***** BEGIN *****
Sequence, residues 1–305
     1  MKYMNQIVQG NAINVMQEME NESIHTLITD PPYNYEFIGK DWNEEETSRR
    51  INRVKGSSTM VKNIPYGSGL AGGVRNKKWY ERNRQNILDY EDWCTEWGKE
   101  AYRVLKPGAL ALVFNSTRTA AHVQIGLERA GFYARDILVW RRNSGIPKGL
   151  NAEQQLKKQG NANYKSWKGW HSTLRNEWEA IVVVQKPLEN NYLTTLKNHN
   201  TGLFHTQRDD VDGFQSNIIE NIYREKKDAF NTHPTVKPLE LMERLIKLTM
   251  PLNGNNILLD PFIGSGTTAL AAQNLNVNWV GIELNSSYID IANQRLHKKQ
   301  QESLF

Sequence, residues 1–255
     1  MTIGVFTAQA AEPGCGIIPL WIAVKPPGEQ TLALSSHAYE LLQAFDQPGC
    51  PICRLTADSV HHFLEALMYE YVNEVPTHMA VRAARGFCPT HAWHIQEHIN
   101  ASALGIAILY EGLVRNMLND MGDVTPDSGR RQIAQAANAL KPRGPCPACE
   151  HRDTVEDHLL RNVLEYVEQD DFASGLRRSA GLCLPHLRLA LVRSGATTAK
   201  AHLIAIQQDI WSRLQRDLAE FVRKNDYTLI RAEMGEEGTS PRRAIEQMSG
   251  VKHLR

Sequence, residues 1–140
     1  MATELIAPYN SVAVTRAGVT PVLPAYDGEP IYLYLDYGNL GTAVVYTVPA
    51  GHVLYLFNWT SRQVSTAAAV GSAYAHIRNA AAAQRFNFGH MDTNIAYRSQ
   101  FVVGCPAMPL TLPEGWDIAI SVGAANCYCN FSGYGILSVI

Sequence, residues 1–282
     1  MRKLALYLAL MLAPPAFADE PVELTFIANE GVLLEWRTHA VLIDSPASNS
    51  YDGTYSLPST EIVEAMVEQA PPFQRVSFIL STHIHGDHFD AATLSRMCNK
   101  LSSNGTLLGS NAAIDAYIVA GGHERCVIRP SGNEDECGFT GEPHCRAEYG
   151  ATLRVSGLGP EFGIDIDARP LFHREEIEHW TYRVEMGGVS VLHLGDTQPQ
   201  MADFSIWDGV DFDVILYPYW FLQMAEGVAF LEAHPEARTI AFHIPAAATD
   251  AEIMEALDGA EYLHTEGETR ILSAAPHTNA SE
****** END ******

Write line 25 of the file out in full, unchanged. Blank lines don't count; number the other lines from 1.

   201  MADFSIWDGV DFDVILYPYW FLQMAEGVAF LEAHPEARTI AFHIPAAATD